[00:31:20] Adam: Um, and I think that is one area where, uh, automated testing. undoubtedly beats manual testing is like no one is going to accidentally check a box and say the thing passed when it didn't pass if it's there or a human might mistake the answer. You know, it might mistake the test results. Whereas a computer is going to, if you, if the test is well written is going to detect success or failure properly and, uh, record that and they're repeatable on a faster time scale, right?

[00:31:54] Adam: So you can run the tests and if something fails, you can make a change and repeat that test.

[00:32:04] Adam: Um, but then you have things like, uh, sort of static testing. I would personally include in that, um, in that sort of level, um, things like using a type system, a strongly typed language, um, that enforces things. Um, in, in, I'm heavily in the JavaScript world these days, so I'm thinking of like ESLint that enforces some style rules, but some like, uh, other rules that, that help prevent common pitfalls.

[00:32:34] Adam: Um, and then you've got things like Prettier, which will format your code, um, and a couple of other things. And those are like, they pretty much run. More or less instantly when you hit the save button in your editor. Um, and they, you know, they give you the red squigglies if you're using ESLint and it's supported.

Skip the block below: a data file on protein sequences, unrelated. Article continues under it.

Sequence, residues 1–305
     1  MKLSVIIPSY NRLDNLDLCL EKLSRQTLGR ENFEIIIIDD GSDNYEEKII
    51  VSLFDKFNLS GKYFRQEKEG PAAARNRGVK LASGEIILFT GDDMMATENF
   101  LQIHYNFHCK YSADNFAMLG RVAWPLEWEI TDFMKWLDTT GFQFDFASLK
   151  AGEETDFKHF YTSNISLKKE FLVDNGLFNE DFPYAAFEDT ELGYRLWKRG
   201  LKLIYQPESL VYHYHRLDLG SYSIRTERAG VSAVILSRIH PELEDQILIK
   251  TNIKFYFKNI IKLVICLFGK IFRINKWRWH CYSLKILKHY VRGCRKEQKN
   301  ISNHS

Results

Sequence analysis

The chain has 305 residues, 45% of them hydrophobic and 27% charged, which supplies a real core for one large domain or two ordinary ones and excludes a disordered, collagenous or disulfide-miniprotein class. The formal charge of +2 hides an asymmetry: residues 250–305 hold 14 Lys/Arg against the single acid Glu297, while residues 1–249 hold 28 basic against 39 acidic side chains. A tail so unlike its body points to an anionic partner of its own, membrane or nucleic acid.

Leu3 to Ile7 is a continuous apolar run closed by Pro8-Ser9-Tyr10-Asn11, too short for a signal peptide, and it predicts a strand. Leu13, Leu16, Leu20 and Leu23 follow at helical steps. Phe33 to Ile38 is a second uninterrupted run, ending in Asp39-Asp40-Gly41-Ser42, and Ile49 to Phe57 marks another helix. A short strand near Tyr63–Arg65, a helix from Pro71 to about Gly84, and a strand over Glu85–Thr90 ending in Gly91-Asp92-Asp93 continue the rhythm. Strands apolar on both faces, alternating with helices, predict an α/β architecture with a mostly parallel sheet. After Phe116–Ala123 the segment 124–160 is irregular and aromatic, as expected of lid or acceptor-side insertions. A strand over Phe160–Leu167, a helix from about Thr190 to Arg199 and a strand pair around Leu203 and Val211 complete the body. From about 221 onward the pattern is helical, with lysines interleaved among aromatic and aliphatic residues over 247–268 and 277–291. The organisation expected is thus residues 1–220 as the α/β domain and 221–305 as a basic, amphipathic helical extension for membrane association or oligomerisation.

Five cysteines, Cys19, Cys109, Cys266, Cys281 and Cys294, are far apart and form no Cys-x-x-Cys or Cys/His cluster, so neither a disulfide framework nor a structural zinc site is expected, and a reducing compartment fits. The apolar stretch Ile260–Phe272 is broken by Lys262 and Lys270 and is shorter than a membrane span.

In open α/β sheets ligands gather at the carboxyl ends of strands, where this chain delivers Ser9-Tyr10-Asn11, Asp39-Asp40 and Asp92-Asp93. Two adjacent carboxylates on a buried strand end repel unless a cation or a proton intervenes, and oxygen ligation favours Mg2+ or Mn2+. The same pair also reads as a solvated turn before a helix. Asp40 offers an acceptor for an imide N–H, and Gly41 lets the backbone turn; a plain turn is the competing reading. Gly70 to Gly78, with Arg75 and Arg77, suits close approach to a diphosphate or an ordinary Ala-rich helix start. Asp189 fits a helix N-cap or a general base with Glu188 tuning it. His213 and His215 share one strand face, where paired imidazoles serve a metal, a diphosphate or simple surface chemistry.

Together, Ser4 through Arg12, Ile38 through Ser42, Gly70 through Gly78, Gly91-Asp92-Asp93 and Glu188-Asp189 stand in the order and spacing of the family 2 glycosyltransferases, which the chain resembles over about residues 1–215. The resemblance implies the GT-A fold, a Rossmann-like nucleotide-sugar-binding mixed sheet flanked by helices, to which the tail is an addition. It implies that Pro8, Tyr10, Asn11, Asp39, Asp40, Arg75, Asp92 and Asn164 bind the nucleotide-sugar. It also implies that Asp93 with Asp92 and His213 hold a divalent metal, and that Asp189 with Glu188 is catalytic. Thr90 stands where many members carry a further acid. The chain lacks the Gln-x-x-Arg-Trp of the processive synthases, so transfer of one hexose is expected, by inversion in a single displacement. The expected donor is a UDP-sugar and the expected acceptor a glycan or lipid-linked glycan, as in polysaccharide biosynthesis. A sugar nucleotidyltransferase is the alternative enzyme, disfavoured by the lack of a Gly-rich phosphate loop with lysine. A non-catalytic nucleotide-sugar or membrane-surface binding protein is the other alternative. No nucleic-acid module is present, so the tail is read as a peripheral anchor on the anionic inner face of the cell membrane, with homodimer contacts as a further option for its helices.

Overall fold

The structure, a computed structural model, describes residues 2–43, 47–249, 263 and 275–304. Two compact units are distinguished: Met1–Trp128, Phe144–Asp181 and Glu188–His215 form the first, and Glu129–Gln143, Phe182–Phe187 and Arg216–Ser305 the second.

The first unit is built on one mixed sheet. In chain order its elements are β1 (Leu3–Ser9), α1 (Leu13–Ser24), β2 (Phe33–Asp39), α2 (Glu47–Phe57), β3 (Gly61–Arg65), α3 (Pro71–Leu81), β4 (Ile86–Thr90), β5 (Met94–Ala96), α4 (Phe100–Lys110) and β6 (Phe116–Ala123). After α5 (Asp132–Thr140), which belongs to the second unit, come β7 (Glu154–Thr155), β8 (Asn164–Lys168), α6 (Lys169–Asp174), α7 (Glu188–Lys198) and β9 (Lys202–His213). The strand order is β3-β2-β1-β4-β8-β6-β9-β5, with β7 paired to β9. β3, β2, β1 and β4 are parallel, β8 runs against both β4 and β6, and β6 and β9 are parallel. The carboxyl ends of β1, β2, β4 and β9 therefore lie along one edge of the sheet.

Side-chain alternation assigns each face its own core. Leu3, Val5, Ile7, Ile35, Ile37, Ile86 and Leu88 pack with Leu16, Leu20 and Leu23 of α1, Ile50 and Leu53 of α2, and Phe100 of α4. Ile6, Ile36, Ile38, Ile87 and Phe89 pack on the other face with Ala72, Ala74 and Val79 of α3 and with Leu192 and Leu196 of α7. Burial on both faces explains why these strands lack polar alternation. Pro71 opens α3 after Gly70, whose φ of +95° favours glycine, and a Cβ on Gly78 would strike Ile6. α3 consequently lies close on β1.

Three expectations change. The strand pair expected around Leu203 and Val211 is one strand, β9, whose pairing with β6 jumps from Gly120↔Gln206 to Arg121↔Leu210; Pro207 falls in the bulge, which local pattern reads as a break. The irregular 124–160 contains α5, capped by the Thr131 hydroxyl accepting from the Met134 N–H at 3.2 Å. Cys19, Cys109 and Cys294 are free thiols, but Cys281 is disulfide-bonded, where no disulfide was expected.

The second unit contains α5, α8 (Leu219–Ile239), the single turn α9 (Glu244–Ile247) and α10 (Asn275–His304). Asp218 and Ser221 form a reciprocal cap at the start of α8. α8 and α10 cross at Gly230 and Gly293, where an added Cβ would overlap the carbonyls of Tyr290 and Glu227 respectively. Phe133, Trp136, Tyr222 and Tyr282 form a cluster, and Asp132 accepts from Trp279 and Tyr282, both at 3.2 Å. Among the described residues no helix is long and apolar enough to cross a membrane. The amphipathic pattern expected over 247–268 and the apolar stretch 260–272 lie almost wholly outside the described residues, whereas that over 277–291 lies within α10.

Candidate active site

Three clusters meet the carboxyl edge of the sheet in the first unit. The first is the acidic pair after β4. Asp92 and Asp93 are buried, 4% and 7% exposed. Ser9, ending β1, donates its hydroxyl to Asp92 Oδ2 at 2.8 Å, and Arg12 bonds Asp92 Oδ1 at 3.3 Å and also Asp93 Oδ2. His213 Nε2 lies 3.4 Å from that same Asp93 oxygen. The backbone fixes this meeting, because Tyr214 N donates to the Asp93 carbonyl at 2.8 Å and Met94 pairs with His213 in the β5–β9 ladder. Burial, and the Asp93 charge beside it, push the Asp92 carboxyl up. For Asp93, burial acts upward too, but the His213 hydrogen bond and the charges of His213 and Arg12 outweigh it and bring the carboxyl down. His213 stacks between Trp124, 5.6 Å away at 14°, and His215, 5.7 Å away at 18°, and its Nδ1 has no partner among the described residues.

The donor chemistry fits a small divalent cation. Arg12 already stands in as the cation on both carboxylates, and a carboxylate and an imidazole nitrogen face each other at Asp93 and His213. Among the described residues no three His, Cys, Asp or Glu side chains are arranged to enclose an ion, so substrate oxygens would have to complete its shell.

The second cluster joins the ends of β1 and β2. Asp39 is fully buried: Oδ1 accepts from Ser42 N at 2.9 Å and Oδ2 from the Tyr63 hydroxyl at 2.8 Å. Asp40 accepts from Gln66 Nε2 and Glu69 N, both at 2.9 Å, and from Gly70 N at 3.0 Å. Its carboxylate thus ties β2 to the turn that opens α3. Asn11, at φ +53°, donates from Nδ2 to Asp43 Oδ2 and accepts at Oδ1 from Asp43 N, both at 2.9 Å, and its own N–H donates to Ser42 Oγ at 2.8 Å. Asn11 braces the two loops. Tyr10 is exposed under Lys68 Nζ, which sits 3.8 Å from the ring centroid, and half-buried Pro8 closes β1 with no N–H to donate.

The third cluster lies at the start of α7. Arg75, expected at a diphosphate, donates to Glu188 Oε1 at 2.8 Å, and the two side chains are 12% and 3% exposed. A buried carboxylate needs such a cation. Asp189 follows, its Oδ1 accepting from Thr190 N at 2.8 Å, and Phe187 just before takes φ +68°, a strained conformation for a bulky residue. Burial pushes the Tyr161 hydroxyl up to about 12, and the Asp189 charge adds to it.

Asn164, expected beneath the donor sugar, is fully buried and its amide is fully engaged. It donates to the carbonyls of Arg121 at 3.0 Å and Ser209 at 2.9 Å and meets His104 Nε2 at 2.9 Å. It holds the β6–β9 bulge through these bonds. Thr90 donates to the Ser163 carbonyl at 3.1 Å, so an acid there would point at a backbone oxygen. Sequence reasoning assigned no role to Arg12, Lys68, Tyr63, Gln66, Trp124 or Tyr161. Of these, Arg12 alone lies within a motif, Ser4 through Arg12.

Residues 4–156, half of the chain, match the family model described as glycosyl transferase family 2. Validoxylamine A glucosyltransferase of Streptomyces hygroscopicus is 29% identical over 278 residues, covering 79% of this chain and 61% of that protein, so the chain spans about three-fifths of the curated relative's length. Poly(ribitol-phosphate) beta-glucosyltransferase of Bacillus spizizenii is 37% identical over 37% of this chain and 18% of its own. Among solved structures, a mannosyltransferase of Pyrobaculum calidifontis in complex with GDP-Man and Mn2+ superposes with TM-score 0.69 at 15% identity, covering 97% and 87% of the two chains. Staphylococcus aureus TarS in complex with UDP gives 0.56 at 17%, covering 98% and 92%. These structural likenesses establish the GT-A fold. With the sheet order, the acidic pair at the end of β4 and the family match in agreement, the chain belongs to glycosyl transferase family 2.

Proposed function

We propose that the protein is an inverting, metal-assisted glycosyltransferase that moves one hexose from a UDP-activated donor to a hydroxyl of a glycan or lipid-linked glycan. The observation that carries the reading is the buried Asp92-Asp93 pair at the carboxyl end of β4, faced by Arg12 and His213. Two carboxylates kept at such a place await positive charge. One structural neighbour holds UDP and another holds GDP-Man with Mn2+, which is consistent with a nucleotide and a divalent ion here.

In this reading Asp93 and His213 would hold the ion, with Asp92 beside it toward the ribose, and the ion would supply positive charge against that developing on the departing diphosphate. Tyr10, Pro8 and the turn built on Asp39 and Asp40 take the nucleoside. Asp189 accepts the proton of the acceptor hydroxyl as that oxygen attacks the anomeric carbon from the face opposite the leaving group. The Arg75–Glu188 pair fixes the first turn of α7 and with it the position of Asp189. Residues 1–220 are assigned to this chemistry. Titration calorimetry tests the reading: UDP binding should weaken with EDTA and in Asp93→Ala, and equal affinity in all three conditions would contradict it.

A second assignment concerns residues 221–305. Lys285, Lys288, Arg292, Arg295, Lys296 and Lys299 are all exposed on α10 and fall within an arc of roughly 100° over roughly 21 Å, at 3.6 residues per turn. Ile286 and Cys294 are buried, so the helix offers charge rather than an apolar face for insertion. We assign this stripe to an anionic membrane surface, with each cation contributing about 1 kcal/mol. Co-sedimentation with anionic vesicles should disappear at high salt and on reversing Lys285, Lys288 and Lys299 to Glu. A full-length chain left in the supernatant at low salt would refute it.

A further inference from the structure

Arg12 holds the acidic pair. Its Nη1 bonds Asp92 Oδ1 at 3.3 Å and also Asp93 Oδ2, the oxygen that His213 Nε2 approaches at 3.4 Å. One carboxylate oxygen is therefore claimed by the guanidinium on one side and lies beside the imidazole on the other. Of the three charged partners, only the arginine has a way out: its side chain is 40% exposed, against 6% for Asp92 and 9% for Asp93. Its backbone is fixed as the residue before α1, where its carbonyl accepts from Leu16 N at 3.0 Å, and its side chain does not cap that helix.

[00:32:56] Adam: And so it's like, oh, hey, there's a problem here. I'll go fix that. Um, and so that's testing that's helping you before you even. Like in line, real time. Um, and then you've got your like unit tests, which I think we're all fairly familiar with. And I think that where I, the hole that I fell down where I did testing wrong for a really long time is I tried, all I was really aware of was unit tests.

[00:33:19] Adam: So I just tried to cram everything that I wanted to test and improve confidence in into a unit test and, or I tried to use unit tests to do too much and that became a problem. And that reminds me of Uh, a very popular phrase I've seen going around in the JavaScript community, which is write tests, not too many, mostly integration tests.